The bottom row of the periodic table is known for its radioactive elements, which compared to stable isotopes are little-explored. Many heavy radioisotopes have exotic nuclei with features, such as octupole deformations, that grant them enhanced discovery potential. Laser cooling and ion trapping allow for efficient use and precise measurements of radioisotopes. In this context we'll discuss our recent work with laser-cooled radium ions. This heavy species is promising for controlling heavy molecules at the level of single quantum states and studying them with high precision spectroscopy. With trapped radium ions we have produced a number of radioactive molecules which are candidates for setting limits time symmetry violation (TSV) in nuclei. We'll discuss our work towards a TSV measurement to address two problems: the Universe's matter-antimatter imbalance (baryogenesis) and the absence of charge conjugation and parity (CP) violation in strong interactions (the strong CP problem). Constraining TSV in nuclei and nucleons is intriguing, as such an experiment is sensitive to physics that addresses both problems through underlying hadronic interactions.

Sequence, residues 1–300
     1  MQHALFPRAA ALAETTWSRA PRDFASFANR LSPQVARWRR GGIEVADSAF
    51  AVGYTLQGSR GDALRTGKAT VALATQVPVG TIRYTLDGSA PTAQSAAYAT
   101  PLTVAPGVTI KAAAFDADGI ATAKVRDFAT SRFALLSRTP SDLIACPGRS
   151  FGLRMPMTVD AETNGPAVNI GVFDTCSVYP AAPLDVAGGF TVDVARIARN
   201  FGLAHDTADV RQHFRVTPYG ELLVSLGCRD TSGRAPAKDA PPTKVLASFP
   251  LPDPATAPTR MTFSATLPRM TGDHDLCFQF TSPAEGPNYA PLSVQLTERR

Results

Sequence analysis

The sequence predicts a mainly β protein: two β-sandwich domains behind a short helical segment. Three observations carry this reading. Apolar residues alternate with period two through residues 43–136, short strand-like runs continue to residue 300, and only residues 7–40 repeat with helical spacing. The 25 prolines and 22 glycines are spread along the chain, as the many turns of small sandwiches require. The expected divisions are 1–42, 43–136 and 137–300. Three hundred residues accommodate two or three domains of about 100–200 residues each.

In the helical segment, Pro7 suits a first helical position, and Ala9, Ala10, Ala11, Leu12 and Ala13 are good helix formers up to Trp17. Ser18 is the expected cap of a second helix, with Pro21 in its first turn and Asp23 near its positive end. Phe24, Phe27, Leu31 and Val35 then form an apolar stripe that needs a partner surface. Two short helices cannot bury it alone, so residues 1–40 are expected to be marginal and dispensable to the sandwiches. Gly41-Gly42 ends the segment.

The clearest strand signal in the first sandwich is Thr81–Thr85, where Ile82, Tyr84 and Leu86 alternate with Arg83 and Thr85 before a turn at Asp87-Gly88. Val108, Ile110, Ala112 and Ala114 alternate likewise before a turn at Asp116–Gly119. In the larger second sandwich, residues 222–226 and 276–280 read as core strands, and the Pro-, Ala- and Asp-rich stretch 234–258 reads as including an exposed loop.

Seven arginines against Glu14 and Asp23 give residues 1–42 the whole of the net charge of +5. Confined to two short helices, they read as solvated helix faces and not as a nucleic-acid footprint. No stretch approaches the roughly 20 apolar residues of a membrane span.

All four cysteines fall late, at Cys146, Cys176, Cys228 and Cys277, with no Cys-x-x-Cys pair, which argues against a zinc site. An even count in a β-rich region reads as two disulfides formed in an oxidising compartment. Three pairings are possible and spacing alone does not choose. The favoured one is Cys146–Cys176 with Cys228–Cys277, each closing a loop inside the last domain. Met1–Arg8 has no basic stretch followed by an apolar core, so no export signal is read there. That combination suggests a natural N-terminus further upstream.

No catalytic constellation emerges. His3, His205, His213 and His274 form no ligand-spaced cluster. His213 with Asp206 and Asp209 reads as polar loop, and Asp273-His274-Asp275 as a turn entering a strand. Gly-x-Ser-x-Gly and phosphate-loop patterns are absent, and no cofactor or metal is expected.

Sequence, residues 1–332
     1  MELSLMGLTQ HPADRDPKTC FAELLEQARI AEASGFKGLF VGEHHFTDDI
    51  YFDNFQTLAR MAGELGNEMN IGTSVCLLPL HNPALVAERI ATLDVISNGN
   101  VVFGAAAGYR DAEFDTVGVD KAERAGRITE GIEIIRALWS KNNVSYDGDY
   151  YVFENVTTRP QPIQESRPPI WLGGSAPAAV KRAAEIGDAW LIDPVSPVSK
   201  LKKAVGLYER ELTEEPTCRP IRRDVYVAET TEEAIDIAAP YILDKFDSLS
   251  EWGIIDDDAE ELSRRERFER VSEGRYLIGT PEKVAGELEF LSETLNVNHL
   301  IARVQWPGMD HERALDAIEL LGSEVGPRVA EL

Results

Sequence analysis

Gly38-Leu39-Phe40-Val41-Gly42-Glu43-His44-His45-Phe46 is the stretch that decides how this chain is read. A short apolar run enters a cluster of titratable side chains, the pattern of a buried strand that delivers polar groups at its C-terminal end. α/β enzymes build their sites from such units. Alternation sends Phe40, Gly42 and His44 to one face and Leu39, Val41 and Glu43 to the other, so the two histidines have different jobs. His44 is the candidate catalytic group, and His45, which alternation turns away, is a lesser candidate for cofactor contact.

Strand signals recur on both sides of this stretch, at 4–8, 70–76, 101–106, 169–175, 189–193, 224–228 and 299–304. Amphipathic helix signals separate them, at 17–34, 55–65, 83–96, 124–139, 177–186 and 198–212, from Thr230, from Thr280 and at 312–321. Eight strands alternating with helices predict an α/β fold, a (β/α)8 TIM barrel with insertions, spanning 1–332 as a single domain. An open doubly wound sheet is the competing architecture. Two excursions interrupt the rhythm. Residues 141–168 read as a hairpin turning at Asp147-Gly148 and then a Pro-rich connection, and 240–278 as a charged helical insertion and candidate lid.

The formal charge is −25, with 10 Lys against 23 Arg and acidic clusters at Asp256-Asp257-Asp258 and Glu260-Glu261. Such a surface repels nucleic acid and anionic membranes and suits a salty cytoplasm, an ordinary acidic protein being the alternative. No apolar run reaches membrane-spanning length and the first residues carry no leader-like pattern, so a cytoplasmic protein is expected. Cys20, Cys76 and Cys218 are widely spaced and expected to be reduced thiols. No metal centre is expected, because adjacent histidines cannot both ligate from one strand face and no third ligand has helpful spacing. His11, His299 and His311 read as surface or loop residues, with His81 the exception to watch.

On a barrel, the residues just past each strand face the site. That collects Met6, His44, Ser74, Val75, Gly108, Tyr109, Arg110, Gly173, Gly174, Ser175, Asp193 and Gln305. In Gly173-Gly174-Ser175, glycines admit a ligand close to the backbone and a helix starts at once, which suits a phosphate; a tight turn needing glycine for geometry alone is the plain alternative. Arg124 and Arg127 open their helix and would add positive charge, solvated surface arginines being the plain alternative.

Join via Zoom:
Meeting ID: 858 1199 4621
The colloquium is held in Feynman Lecture Hall, 201 E. Bridge.
In person is open to those with a valid Caltech ID.